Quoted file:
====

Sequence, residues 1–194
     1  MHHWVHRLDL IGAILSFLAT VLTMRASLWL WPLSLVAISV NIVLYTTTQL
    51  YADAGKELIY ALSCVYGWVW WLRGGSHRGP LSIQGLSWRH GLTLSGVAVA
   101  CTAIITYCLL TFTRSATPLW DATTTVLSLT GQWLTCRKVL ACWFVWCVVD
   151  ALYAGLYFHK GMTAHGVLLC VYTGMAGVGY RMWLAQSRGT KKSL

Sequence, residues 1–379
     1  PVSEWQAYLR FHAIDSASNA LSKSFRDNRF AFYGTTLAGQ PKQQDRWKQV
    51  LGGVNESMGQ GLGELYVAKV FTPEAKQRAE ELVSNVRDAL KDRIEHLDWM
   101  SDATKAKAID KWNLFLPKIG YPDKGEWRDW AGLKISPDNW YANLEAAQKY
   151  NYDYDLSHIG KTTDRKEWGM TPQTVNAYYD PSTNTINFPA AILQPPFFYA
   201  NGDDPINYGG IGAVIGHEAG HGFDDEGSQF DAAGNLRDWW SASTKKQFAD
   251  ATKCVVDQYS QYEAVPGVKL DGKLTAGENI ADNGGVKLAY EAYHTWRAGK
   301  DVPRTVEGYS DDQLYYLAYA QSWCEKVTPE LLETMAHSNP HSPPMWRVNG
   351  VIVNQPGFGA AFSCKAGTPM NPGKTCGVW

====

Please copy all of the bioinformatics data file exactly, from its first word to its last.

Sequence, residues 1–194
     1  MHHWVHRLDL IGAILSFLAT VLTMRASLWL WPLSLVAISV NIVLYTTTQL
    51  YADAGKELIY ALSCVYGWVW WLRGGSHRGP LSIQGLSWRH GLTLSGVAVA
   101  CTAIITYCLL TFTRSATPLW DATTTVLSLT GQWLTCRKVL ACWFVWCVVD
   151  ALYAGLYFHK GMTAHGVLLC VYTGMAGVGY RMWLAQSRGT KKSL

Sequence, residues 1–379
     1  PVSEWQAYLR FHAIDSASNA LSKSFRDNRF AFYGTTLAGQ PKQQDRWKQV
    51  LGGVNESMGQ GLGELYVAKV FTPEAKQRAE ELVSNVRDAL KDRIEHLDWM
   101  SDATKAKAID KWNLFLPKIG YPDKGEWRDW AGLKISPDNW YANLEAAQKY
   151  NYDYDLSHIG KTTDRKEWGM TPQTVNAYYD PSTNTINFPA AILQPPFFYA
   201  NGDDPINYGG IGAVIGHEAG HGFDDEGSQF DAAGNLRDWW SASTKKQFAD
   251  ATKCVVDQYS QYEAVPGVKL DGKLTAGENI ADNGGVKLAY EAYHTWRAGK
   301  DVPRTVEGYS DDQLYYLAYA QSWCEKVTPE LLETMAHSNP HSPPMWRVNG
   351  VIVNQPGFGA AFSCKAGTPM NPGKTCGVW